Inventions





Created by German artist Oliver Sturm, the Gebetomat is a single-person structure modeled on a photo booth which offers hundreds of pre-recorded prayers in dozens of languages. These apparently have been popping up in Europe, most recently at the University of Manchester, where a Gebetomat was installed re-branded as a “Pray-O-Mat”. Just insert 50 eurocents and pick a selection from Christianity, Islam, Judaism, Buddhism, Hinduism, or various indigenous faiths — whatever you need. This seem to harken to a future in which the devout will turn to robots for their doses religion. No word on the possible creation of a curses-on-demand automated hexing booth:


[disinfo ed.’s note: Nikola Tesla was born 156 years ago today. To mark the occasion, we’re republishing a disinformation original essay by Katy Schiel, originally posted on July 1, 2002.] Revered as…


Boing Boing on a bizarre, pioneering musical instrument, suppressed in its day, which built on occultist concepts and attempted to unify the senses:

You don’t play the ANS synthesizer with a keyboard. Instead you etch images onto glass sheets covered in black putty and feed them into a machine that shines light through the etchings, trigging a wide range of tones. It’s a nearly forgotten Russian synthesizer designed by Evgeny Murzin in 1938. The synth was named after and dedicated to the experimental composer and occultist Alexander Nikolayevich Scriabin (1872–1915).

Today it sits behind a rope at the Glinka Museum of Musical Culture, almost forgotten and seldom used. A few artists have recorded albums with it over the years, mostly notably the late occultists/electronic musicians Coil who traveled to Russia in 2002:






Created in Japan, an eerie musical instrument that creates synesthesia — the blurring of the line between senses. Different categories such as fried foods, dairy, and vegetables produce different sorts of sounds:

EaTheremine (Eat + Theremin) is a fork-type instrumen that enables users to play various sounds by eating foods. These sounds are changed, according to resistance values of foods attached on the fork.



To be unveiled in New Orleans — a home equipped with a drone synthesizer that produces pleasing tones reflecting the surroundings. I hope this architectural innovation catches on everywhere:

Demonstration of latest Quintron invention called THE SINGING HOUSE. This is an analog “drone synth” can be installed into any building in order to provide its inhabitants with a pleasing chord that is constantly changed by the weather. Preliminary studies have show that these soothing sounds can bring mental relaxation and healing to the modern home or institution. The music is actually played by the skies above. No two days sound the same.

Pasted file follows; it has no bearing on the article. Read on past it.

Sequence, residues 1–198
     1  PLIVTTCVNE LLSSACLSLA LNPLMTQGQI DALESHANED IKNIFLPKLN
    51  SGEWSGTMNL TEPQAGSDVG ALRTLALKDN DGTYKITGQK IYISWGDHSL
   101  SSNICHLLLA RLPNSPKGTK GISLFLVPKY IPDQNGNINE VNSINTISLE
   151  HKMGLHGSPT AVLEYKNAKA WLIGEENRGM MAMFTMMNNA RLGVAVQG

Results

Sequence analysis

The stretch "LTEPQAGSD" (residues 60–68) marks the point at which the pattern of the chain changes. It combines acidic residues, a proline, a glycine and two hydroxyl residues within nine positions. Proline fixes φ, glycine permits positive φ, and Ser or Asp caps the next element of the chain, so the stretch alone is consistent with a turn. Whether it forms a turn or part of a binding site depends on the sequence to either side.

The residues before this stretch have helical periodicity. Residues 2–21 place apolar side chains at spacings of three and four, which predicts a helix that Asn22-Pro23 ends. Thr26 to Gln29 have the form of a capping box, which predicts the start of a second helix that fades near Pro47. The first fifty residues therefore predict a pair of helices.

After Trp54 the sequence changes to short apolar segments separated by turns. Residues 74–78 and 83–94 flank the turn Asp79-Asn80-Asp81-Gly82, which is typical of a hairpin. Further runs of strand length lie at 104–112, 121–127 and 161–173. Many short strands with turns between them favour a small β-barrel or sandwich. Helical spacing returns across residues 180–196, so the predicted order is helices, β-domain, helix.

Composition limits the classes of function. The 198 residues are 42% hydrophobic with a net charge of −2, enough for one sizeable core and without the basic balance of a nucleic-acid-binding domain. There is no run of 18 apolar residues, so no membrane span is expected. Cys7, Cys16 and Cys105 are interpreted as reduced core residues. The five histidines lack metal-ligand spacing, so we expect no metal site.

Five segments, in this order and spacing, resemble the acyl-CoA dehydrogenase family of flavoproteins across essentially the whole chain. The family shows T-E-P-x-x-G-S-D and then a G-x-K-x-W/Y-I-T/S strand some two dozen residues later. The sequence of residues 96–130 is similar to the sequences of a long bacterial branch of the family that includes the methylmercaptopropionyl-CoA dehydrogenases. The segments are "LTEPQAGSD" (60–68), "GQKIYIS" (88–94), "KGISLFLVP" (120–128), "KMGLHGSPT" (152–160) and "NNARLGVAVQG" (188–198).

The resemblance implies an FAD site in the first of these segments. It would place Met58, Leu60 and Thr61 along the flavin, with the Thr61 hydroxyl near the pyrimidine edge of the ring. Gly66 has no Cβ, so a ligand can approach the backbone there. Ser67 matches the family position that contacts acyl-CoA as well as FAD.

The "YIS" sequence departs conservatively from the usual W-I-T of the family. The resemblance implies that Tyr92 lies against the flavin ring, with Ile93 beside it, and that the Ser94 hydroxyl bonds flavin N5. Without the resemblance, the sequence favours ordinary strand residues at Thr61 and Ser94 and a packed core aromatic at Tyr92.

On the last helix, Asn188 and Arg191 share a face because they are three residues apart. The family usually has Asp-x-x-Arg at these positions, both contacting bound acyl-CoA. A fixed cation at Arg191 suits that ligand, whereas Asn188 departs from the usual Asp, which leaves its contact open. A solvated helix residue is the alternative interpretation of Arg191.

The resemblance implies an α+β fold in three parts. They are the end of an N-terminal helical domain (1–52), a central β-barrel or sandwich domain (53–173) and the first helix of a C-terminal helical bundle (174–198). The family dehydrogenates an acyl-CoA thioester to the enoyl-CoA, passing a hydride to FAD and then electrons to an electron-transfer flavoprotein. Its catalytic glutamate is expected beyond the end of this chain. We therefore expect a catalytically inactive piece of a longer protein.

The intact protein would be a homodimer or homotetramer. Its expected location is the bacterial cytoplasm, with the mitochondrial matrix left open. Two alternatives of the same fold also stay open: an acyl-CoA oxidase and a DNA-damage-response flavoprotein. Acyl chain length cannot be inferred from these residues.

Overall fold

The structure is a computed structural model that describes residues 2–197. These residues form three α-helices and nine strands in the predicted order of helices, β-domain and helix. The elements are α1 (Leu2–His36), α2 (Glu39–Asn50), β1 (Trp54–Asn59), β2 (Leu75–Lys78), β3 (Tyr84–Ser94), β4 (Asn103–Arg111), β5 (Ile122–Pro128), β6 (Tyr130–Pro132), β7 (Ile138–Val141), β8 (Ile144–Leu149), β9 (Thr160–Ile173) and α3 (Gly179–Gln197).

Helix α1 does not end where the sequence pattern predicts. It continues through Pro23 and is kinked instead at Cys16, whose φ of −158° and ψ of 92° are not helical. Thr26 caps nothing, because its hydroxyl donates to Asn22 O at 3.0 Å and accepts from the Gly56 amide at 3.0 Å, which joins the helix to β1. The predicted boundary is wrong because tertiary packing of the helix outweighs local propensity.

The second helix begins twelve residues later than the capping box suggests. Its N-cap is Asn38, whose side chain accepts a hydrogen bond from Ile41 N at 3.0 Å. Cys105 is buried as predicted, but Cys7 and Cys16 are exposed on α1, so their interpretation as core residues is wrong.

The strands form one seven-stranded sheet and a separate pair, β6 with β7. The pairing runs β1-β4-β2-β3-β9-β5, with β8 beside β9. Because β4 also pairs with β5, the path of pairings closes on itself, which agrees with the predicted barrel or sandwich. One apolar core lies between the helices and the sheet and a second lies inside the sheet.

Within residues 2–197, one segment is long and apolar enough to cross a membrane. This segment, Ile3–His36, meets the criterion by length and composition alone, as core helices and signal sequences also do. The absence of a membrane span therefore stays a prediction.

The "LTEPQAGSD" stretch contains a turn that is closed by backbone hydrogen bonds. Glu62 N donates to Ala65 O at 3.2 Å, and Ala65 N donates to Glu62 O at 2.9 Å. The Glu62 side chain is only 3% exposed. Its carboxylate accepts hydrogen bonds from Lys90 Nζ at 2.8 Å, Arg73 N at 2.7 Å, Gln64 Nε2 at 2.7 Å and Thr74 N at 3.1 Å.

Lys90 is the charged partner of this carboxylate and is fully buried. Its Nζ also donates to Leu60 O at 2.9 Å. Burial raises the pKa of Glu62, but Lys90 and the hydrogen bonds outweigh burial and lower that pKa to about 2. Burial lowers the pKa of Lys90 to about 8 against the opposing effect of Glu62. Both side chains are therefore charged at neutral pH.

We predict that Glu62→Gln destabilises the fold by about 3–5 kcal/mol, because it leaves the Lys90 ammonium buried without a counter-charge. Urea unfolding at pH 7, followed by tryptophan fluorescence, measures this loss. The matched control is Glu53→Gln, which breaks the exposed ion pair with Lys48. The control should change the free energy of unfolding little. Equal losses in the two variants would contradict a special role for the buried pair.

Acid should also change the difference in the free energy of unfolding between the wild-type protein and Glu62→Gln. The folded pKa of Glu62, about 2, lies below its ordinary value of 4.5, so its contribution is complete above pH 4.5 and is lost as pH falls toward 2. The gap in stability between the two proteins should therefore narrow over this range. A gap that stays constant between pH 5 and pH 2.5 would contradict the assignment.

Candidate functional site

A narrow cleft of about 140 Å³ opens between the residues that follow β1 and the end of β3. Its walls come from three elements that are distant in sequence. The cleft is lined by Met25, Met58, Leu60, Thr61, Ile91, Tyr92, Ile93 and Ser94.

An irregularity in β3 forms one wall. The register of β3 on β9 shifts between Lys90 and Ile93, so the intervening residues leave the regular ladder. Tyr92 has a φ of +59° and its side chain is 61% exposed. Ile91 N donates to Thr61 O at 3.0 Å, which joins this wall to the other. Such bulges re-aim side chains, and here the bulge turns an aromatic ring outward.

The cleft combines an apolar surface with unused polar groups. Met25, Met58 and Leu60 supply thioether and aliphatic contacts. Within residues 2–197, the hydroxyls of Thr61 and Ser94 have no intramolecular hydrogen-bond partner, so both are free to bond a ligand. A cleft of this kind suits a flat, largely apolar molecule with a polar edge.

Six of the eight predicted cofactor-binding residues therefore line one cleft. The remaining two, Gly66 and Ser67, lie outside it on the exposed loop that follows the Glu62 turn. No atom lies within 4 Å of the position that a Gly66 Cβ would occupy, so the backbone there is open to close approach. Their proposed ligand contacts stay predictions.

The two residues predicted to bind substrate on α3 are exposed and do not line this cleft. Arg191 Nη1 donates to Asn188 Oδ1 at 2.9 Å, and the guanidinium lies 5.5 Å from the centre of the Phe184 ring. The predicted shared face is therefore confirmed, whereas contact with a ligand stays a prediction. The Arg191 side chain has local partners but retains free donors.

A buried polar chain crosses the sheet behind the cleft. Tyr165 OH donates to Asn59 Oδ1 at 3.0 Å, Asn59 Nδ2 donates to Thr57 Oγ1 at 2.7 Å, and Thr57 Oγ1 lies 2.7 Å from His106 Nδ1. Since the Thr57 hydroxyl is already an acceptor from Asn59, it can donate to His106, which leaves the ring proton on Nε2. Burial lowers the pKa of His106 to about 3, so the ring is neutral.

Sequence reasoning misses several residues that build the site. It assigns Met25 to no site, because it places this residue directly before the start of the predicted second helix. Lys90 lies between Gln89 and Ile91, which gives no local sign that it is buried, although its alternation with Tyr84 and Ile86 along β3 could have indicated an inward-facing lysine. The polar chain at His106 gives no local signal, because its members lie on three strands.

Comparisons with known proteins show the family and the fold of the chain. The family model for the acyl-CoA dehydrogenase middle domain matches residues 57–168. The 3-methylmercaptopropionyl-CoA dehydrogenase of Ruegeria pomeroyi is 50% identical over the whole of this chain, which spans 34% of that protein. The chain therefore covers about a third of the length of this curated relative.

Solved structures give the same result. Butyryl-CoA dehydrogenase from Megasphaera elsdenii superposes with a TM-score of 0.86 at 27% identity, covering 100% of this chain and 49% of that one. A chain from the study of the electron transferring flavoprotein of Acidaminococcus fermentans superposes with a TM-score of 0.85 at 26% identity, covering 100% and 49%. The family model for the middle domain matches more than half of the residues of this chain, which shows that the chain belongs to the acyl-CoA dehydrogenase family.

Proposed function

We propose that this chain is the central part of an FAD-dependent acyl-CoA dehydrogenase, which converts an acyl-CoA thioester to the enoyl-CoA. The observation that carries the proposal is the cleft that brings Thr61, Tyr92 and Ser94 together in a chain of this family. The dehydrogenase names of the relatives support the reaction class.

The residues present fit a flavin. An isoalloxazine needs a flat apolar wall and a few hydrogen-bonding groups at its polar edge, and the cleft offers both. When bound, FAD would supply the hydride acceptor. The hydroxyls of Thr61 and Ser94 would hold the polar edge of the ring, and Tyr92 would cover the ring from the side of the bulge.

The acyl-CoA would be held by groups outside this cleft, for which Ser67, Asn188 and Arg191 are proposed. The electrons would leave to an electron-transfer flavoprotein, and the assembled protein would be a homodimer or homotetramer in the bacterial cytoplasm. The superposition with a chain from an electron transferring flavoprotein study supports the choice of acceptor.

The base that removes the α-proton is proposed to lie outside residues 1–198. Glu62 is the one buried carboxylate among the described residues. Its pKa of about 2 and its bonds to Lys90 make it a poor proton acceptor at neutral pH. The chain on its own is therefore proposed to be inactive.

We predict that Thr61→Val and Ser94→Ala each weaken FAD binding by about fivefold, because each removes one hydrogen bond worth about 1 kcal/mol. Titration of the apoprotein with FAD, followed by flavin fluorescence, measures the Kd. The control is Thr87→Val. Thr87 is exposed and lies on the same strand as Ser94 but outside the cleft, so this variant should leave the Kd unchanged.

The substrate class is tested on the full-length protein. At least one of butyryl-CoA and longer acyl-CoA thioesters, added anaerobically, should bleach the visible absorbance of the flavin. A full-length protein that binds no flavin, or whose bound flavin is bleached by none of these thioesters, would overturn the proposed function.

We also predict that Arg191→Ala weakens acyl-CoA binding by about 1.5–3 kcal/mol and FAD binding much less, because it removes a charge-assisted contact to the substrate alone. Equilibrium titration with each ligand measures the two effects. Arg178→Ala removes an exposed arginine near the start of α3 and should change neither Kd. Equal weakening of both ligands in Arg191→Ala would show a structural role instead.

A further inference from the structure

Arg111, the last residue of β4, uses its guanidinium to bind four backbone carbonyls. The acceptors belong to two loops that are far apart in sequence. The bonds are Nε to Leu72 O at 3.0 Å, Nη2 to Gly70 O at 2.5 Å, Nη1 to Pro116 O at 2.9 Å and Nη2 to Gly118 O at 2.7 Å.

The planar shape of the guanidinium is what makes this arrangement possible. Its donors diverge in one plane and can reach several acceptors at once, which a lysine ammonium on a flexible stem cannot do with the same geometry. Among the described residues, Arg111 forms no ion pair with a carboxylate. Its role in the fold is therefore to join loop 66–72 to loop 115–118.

If you live in New York or another major city, you know all too well the frustration caused by slow walkers clogging thoroughfares. This highlights how a simple bicycle bell can be put to use in daily situations to alter people’s behaviors for the better and improve life for everyone.



The device created by Ali Aliev, a researcher at University of Texas Dallas, uses threadlike carbon nanotubes. When rapidly heated, they create a mirage effect similar in principle to a stretch of highway on a very hot day. Perfect for keeping a small object hidden:


From the vault of British Pathe, a 1922 newsreel on the portable calling and music device which was that year’s hot accessory for the savvy urban woman on the street. The brave new technological advances of the past few years are maybe not as novel as one might believe, and I think these could be a popular niche item if sold today, even:

World’s First Mobile Phone (1922). Found by a researcher in the Pathe vaults, this clip from 1922 shows that 90 years ago, mobile phone technology and music on the move was not only being thought of but being trialled.


A nonsensical waste of time? Goofy conceptual art? Or a magical cross-sensory experiment? A device that converts any word that you type into a cocktail, via Morskoiboy: My piece has buttons working…


The Atlantic traces the history of military disguise in the twentieth century, the breakthrough realization that pixelated, “digital”-looking camouflage patterns work better than the traditional swirly ones, and the future of making…


Did you know that the iPod is basically a ripoff of a German transistor radio from the 1950s? Via the Atlantic, selections from Bill Buxton’s collection of little-known gadgets (such as early…



The National Institute of Standards and Technology (NIST) is into historical inventions, including the revolutionary, strange, and ill-conceived — everything from primitive 45 rpm record players to radiation monitors. However, some items…


Auto-Ink-31Torn over which faith is the true path to follow? Strap yourself in and receive a “randomly” (i.e. divinely) selected tattoo of a religious symbol on your forearm. Via Make Magazine:

Chris Eckert created a CNC tattoo machine with a twist. Auto Ink is a three axis numerically controlled sculpture. Once the main switch is triggered, the operator is assigned a religion and it’s corresponding symbol is tattooed onto the person’s arm. The operator does not have control over the assigned symbol. It is assigned either randomly or through divine intervention, depending on your personal beliefs.